A bivocational North Carolina pastor and his wife were killed about 200 yards from their church Sunday when an Amtrak train heading to Savannah, Georgia, crashed into their SUV.
Pastor Eugene and Dorothy Lyons, who led The Messiah Baptist Church, were killed in the crash reported just after 2:20 p.m. in the area of Nash and Railroad streets in Whitakers, authorities told WNCN.
The couple from Battleboro who are in their 60s reportedly drove their SUV around a lowered crossing arm and into the path of the passing train.
Whitakers Police Chief Darrell Cofield, who knew the pastor and his wife, said it is unclear why Dorothy Lyons who was driving went around the crossing arm, but a witness, he said, confirmed it.
"It bothered me because growing up here I've seen train wrecks before, it really touches close to home with people who [you] grew up with and know," Cofield said.
The Christian Post reached out to the Lyons' home and church for comment on Wednesday but no one was available.
Lyons, he said, had spoken often about retiring so he could preach full-time and was expected to make the move this year.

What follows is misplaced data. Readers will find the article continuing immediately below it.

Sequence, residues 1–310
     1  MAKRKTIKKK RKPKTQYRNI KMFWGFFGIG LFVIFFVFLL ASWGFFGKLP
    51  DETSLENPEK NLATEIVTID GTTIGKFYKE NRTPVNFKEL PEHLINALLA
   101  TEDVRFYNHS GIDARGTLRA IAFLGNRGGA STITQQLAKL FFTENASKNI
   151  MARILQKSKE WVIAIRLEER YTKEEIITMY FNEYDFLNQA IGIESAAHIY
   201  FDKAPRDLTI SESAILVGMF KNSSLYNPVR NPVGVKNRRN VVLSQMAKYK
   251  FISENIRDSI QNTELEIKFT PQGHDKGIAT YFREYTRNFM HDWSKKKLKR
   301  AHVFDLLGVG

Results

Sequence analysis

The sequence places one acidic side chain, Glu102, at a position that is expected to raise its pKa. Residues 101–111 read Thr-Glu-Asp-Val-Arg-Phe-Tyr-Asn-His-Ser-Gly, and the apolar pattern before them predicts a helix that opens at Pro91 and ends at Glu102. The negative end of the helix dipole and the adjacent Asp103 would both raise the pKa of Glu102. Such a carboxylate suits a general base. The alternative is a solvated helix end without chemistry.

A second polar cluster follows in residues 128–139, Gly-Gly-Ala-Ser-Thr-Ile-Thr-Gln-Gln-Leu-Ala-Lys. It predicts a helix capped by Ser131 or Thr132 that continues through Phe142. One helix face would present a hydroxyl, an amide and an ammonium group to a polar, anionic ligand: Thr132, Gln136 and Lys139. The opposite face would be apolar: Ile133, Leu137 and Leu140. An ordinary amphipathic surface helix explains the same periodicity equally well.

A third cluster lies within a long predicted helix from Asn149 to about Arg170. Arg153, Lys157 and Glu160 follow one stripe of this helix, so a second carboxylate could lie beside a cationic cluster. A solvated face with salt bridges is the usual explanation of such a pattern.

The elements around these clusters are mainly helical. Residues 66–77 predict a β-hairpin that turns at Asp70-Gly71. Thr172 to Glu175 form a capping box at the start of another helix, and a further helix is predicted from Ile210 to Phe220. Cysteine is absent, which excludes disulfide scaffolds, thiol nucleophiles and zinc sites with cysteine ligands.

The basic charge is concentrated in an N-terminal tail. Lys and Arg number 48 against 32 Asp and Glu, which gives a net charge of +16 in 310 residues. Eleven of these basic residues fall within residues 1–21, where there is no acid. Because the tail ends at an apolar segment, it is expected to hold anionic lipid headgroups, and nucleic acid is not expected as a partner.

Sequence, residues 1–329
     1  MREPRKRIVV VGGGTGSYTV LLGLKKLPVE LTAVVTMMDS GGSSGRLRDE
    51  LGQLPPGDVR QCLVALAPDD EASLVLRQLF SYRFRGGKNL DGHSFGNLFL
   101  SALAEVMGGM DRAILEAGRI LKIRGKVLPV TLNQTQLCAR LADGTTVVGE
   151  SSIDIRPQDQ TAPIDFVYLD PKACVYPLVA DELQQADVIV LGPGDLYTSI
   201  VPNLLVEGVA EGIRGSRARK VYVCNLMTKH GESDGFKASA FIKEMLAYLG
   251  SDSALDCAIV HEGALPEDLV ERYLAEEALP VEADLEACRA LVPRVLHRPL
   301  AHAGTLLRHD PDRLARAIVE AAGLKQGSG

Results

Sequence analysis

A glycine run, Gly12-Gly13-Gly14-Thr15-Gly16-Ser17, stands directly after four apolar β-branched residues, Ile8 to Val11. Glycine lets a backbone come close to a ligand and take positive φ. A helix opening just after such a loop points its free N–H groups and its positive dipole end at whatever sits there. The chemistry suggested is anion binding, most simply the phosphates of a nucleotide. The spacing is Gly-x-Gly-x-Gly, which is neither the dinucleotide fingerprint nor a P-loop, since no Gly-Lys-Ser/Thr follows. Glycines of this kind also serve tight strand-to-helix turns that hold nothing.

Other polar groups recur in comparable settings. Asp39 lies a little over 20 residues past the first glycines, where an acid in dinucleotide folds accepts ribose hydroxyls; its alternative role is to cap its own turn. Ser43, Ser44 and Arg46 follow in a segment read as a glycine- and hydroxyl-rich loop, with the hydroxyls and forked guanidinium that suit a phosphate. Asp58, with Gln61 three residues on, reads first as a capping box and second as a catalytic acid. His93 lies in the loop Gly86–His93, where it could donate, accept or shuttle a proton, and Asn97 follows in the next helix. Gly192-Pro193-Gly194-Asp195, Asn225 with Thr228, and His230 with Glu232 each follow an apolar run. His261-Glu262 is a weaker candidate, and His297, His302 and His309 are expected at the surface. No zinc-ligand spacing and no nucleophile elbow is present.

"We was talking Wednesday about him retiring and going into full time ministry, on the things he wanted to accomplish. This has just bothered me so bad that this happen to an awesome anointed man of faith," Garrett said in a statement.
"This is a very hard pill to swallow. Prayers for their family and the church family. We talked about Heaven and God so much at work it was unbelievable," he explained before recalling the last conversation they had on Saturday which he said was almost like a goodbye.
"I'm still in disbelief about this whole situation. The last conversation we had at work Saturday @ 4:25 was a life giving conversation that I will never forget. He told me Saturday in his (Jamaican voice) he said 'I'm just tired. I don't work for man, I work for God.
"He said 'Kymorin some days I'm not going to be here but you know now everything that I've taught you to do. I'm getting old and I'm getting out of here because I've got some place to be.' He said I like you because nobody that works with me understands me as well as you do, people think I'm crazy but as Long as God knows me that's all that matter, be safe this weekend, let's praise God Sunday and see you Tuesday morning for work," Garrett said.
Pastor Lyons, said Garrett, usually takes Sundays and Mondays off so he can do God's work. The news of his death, he said, has hit those who knew him very hard.
"This was kind of like an Elijah and Elisha story," Garrett said of his relationship with the pastor. "He poured so much wisdom and knowledge in me that I can go and help the next brother or the next sister. Rest in Glory Rev you will truly be missed on this side of heaven."